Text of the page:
More business is done on the cloud every single day, and the advantages far outweigh the disadvantages.  Businesses who do their homework, create a deliberate plan, and manage the transition carefully will be poised to capture more business and manage it more easily than ever before.  


Local Resources that Can Help Your Small Business Succeed

Posted on by Carol Roth

5-1 Local Resources smallSometimes, the best source of information for your small business is right in your own back yard. In fact, thanks to the Internet, great resources from around the country can come directly to your desktop. Here are six benefits that you can reap with local resources.

1. Networking

Finding new clients is critical to any business, but getting to know people within your industry can be just as important. This is how you can gain new ideas and find ways to solve problems. 

Opportunities for networking are as varied as the types of businesses they support, so you need to do your own research to find a network that fits your needs. The U.S. Chamber of Commerce can help at a national level, but most businesses benefit more with support from a local chapter. In fact, a search for “Chamber of Commerce” is likely to instantly display links to your local chapters, since your cookies probably reveal where you are.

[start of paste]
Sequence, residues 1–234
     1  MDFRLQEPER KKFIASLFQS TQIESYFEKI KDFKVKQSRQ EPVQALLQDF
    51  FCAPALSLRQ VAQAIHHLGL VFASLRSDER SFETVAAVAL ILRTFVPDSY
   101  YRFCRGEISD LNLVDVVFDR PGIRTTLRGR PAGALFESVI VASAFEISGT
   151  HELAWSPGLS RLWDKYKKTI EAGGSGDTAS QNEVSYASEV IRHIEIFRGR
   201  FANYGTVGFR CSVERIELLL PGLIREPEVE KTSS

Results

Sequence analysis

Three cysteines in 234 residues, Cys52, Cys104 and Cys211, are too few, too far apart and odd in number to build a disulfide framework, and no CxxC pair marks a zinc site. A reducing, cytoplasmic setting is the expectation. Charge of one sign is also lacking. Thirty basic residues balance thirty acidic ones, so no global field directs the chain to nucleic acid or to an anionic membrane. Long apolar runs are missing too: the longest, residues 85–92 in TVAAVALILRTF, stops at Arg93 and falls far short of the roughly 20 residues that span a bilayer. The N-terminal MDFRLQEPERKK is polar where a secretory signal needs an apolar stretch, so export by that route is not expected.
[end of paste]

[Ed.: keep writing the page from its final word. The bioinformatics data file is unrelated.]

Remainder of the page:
Don’t automatically discount organizations that charge dues, such as industry associations. Their programs can provide a phenomenal professional experience and the like-minded people you meet can become lifelong friends and associates. Before paying the dues, you can try them out by attending a meeting to assess their potential value for your business.

2. Government Contracting Assistance

It may seem impossible for a small business to gain a government contract, but there are many online resources that can help you find leads and even provide the guidance that can make the proposal process seem less overwhelming. Check out these sites:

  • Not just for women: Check out the Women’s Business Development Center, where a search for “government contractor” provides a wealth of information that works for women — and men, too.
  • Contractor registration and education: You can register for government contracting from the U.S. Small Business Administration (SBA) site, go to their government contracting classroom, and more. Just click the Contracting link from the home page to get started.
  • Advice to meet your needs:  Between the links to everything from government contractor training to information about Federal Tax ID numbers — and the articles of interest at the bottom of the page — you can spend lots of time at About.com, but it will be worth the effort.

3. Access to Capital

Of course, a great way to gain a high-level view of this topic is to take a few minutes to look at the video posted at my Business Unplugged ™ blog. That being said, a number of other resources can also provide great tips: